An A-list cast goes a long way to making this goofy ensemble comedy a lot of fun to watch. Even if it never quite deals with the bigger issues it raises, the sassy dialogue, twisty plot and full-on performances are so lively that the audience is kept on its toes, at least until it becomes obvious where it's heading. And with a wide variety of themes, something is bound to resonate.
As the extended Wilde family gathers for a wedding, it's clear that none of them are very good at relationships. The bride is matriarch Eve (Glenn Close), a movie star who has fallen in love with sparky novelist Harold (Patrick Stewart). Her three sons are all on hand: smiley musician Rory (Jack Davenport), hopeless romantic Jimmy (Noah Emmerich) and womanising bachelor Ethan (Peter Facinelli). Also around are their actor father Laurence (John Malkovich), as well as Rory's popstar ex-wife Priscilla (Minnie Driver). Their 16-year-old daughter Mackenzie (Grace Van Patton) is documenting the weekend on video, just waiting for the usual family disaster.
Writer-director Damian Harris avoids the obvious black humour that's rife in this situation, instead playing the movie as a warm-hearted American comedy blended with elements of a bed-hopping French farce. Yes, all kinds antics are going on, fuelled by alcohol and Ethan's notorious magic mushroom chocolates. Jealousies are also flaring up, drawing lines between hugely popular stars and struggling artists.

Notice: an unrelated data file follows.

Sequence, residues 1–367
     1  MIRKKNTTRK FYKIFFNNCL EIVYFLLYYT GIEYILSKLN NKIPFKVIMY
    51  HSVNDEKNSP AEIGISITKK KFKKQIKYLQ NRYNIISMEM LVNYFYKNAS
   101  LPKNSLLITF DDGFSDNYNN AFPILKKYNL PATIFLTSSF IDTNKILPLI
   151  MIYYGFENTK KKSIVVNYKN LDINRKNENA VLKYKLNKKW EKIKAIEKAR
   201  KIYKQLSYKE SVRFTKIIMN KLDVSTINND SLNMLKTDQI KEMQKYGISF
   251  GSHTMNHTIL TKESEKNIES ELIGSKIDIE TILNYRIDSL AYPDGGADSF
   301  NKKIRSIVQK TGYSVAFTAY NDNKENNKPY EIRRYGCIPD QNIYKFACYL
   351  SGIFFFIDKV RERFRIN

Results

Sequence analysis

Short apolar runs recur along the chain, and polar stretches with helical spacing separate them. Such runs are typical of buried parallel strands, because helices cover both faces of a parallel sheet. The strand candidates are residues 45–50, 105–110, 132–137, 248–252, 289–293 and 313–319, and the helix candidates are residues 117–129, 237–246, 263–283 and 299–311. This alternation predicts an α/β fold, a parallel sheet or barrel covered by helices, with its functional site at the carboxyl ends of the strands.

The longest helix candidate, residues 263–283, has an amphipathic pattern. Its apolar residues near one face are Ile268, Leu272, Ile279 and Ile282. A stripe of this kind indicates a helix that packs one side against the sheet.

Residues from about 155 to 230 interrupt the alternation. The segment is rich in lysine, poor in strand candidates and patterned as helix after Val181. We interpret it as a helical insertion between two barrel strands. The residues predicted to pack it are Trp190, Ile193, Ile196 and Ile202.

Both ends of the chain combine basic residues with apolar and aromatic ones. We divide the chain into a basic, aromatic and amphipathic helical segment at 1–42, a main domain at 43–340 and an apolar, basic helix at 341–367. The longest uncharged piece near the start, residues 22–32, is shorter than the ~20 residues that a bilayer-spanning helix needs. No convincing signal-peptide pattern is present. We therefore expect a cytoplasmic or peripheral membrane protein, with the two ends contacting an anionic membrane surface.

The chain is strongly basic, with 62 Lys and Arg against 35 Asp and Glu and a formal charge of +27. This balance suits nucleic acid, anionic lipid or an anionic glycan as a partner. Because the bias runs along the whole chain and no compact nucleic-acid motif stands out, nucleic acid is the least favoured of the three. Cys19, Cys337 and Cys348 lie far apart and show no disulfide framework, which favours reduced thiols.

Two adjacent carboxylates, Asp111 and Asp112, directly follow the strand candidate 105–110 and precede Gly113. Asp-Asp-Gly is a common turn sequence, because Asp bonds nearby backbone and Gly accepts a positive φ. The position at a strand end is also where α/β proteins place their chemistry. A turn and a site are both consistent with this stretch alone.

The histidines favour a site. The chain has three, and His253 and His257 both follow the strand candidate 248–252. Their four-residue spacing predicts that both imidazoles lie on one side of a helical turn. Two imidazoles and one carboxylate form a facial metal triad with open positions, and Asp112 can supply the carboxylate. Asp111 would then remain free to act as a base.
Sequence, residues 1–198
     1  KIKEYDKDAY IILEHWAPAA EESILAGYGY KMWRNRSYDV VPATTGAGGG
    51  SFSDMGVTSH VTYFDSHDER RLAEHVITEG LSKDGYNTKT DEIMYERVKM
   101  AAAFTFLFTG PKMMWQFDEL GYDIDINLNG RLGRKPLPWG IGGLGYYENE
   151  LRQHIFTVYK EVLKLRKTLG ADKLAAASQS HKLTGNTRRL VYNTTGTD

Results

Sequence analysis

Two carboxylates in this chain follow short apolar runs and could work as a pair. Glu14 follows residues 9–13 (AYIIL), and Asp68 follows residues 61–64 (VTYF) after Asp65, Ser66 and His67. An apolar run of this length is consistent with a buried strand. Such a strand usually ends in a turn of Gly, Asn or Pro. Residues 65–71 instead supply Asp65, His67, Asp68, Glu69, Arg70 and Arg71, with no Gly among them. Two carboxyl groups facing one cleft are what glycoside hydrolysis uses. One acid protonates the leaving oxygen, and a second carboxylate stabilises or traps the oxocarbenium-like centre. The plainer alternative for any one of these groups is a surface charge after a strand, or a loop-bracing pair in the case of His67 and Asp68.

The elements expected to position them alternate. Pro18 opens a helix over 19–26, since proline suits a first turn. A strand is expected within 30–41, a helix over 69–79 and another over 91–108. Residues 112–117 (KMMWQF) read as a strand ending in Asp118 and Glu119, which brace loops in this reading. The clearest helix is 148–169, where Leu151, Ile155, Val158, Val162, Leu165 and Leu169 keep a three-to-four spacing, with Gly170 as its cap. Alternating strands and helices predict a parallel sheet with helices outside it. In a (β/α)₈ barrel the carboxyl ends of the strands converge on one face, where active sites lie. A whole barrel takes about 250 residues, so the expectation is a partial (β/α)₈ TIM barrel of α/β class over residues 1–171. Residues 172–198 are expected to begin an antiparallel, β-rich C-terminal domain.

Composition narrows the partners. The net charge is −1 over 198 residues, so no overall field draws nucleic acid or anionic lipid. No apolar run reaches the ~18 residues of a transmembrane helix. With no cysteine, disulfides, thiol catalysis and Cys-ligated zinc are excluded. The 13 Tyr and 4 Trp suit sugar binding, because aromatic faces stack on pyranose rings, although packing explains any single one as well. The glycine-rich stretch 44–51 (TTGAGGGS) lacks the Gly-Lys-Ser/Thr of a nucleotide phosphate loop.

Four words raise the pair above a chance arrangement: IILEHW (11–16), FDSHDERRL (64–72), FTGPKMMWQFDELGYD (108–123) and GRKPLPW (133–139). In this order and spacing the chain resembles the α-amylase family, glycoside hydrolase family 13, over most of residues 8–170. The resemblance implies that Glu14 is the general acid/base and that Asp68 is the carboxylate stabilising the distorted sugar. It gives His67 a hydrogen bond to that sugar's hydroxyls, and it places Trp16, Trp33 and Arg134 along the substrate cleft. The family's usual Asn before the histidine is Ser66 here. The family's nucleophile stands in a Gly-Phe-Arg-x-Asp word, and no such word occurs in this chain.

Continue reading: The Wilde Wedding Review
Long mired in rewrites, delays, and dismal test screenings, it's easy to see why the studio gods postponed delivery of this stinking mess until the dumping grounds of spring, just before the big summer releases. We get two strong actors -- Warren Beatty and Diane Keaton -- mixed together with a few lesser actors -- Goldie Hawn, Garry Shandling, and Andie McDowell -- and they all get to wade through an aimless script (polished up by Buck Henry!) about infidelity, homosexuality, and dysfunctional family affairs. It would have been better served heading straight to video.
Continue reading: Town & Country Review